What one kind of flower would you bring with you if you were being sentenced to life on a deserted island? Would you pick peonies for their big, bold blossoms and tantalizing smell? Or perhaps primroses for their bountiful blossoms and willingness to spread? A better choice might actually be daylilies. They’ll grow just about anywhere, are generally untroubled by pests and diseases -- and you can eat them! This is daylily season, and a good time to buy some more for your garden.
Let’s start with the common orange daylily (Hemerocallis fulva). Most gardens have some. You’ll also see them by the side of the road as if gardeners -- having too many, but unwilling to compost them -- have heaved them out the windows of their cars. These sturdy perennials will grow anywhere, and will even bloom in the shade. They were introduced from Asia in the late 1800’s and were admired as exotic at the time, I’m sure. But now they are too common for most gardeners’ taste. And they do spread by root, which can be bothersome.
In the Chinese market in Montreal daylily tubers are for sale for cooking. I’ve tried cleaning and cooking the roots of my own orange daylilies, but have decided that it’s too much work to get them clean enough to eat. They were tasty enough, but fry up almost anything with garlic and onions, and it will be yummy.
The flowers are edible and surprisingly delicious. Make a big green salad and add daylily petals for color.
For a nice vegetable dish, sauté chopped onions, shallots or garlic in olive oil or butter. Add a little chopped tarragon and black pepper. When the onions are almost cooked, drop in buds from those common orange daylilies you have been meaning to manage, but haven’t. Select buds an inch to an inch and a half long. They will start to open when they are cooked -- in just a minute or two.
For dessert you can take a wine glass and place in it a fully open, brightly-colored daylily blossom. Put in a scoop of sherbet in the blossom and garnish with a few fresh berries and a mint leaf if you have one. Yum!
Daylilies are great cutflowers. Because each blossom only lasts a day -- hence the name -- most people don’t use them in flower arrangements. But I cut scapes (leafless stems) that are just starting to bloom and have numerous fat, unopened buds. The buds will open one at a time for up to a week, depending on number of buds. This works most reliably if the arrangement gets some sunshine each day.
I recently visited Cider Hill Gardens in Windsor, VT to admire their collection of daylilies. They have daylilies in a wide range of colors, from nearly white ("Ice Carnival") to deep reds that border on black. They have daylilies that are pink, creamy yellow or light orange, lilac, lavender, bluish and red. Some come in one color, but most are bi-colored, with a throat or eye of a second color. Each flower has both petals and sepals, and in some, like "Frans Hals," the petals and sepals can be different colors -- a look I like.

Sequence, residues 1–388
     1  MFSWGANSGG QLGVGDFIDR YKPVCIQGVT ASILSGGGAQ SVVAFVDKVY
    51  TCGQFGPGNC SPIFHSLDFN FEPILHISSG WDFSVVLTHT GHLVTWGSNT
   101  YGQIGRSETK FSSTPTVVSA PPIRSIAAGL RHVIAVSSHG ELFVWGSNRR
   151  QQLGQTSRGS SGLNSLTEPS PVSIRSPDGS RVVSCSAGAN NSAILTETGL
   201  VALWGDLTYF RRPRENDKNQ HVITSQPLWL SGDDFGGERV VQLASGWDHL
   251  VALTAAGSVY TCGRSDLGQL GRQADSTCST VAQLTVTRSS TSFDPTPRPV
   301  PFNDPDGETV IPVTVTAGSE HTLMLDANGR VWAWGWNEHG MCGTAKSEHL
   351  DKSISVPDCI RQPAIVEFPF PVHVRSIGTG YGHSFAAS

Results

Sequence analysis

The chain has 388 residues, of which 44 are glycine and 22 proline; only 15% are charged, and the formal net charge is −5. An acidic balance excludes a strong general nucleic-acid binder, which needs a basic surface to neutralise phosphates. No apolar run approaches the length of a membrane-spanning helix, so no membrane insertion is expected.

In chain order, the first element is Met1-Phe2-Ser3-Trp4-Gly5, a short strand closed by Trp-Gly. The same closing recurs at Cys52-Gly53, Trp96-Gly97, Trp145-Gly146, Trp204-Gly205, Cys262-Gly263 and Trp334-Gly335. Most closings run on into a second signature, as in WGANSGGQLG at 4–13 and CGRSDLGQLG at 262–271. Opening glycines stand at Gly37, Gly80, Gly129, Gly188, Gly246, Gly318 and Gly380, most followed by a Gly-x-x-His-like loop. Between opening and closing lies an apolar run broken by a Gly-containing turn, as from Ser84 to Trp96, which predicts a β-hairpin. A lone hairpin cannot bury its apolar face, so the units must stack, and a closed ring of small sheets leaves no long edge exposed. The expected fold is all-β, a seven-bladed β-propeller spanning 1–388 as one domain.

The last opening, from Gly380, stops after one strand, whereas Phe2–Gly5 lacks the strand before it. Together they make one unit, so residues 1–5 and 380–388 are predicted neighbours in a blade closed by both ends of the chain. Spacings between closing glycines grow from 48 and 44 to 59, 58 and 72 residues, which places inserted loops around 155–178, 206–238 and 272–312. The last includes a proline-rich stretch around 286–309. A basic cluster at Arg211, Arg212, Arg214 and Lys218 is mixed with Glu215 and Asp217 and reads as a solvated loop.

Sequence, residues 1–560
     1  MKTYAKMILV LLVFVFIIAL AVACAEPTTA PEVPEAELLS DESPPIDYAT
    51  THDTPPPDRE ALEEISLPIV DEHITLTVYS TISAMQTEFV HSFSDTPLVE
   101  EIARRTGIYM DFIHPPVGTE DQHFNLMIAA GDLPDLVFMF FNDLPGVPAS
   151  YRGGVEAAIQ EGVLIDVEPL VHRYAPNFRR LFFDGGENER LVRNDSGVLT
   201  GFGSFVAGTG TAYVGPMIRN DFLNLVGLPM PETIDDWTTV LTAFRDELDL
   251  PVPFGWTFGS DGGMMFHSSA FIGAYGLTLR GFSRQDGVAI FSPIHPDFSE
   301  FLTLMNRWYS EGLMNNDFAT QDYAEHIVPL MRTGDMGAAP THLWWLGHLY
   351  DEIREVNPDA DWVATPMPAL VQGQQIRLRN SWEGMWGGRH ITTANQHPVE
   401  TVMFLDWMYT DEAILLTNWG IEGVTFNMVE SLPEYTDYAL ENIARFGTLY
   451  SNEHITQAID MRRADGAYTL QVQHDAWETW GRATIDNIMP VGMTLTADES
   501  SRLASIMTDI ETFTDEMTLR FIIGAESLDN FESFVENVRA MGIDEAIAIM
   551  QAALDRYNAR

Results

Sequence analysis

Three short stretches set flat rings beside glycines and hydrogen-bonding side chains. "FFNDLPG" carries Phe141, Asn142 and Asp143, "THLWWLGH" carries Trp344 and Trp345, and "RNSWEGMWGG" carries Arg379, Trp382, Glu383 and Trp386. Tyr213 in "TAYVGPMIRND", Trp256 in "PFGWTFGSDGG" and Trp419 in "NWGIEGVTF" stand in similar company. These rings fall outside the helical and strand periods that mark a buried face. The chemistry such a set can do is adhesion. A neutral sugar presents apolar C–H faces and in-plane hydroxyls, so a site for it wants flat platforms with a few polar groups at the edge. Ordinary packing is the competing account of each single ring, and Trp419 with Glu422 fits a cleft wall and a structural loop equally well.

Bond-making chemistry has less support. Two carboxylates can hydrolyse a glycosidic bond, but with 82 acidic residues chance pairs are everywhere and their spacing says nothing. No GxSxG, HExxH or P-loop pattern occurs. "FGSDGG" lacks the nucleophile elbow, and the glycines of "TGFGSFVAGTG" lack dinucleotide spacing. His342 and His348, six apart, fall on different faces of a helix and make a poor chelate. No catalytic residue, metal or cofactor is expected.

Flower shape varies as much as the colors. There is the standard trumpet. Then there are those with ruffled edges ("Here She Comes" is a good one). And the so-called "spiders," whose petals are narrow and spaced apart a little -- like the legs of a spider. "Kindly Light" is a nice yellow one. Doubles, such as "Jean Swann," have their centers filled in with lots of extra petals. And some are worth buying for their great names like "Blueberry Breakfast" or "Bodacious."
Then there are the re-blooming daylilies, like Stella de Oro, a gold-colored daylily that is very popular because it blooms off and on all summer. I’ve seen pictures of a re-bloomer called Purple de Oro that I simply must have. So many kinds, so little garden space!
What do daylilies want in life? Sunshine, dark rich soil, and adequate moisture. But they will settle for less -- even a lot less -- and bloom almost anywhere. Yes, slugs will sometimes nibble on the leaves, but they are not a magnet for bugs the way some roses are.
Over time clumps of daylilies get bigger, and you can divide them to start new clumps. Simply slice through a big clump with a spade to make two or four new plants, pry them apart and re-plant. I’ve been known to take out a chunk shaped like a piece of pie with a serrated knife - and the mother plant never even seemed to notice I’d done so. So run to your neighborhood plant center and have a look -- you’ll likely come home with something wonderful.
Henry Homeyer is the author of four gardening books, and a children’s fantasy-adventure, "Wobar and the Quest for the Magic Calumet." Contact Henry through his Web site, www.Gardening-Guy.com.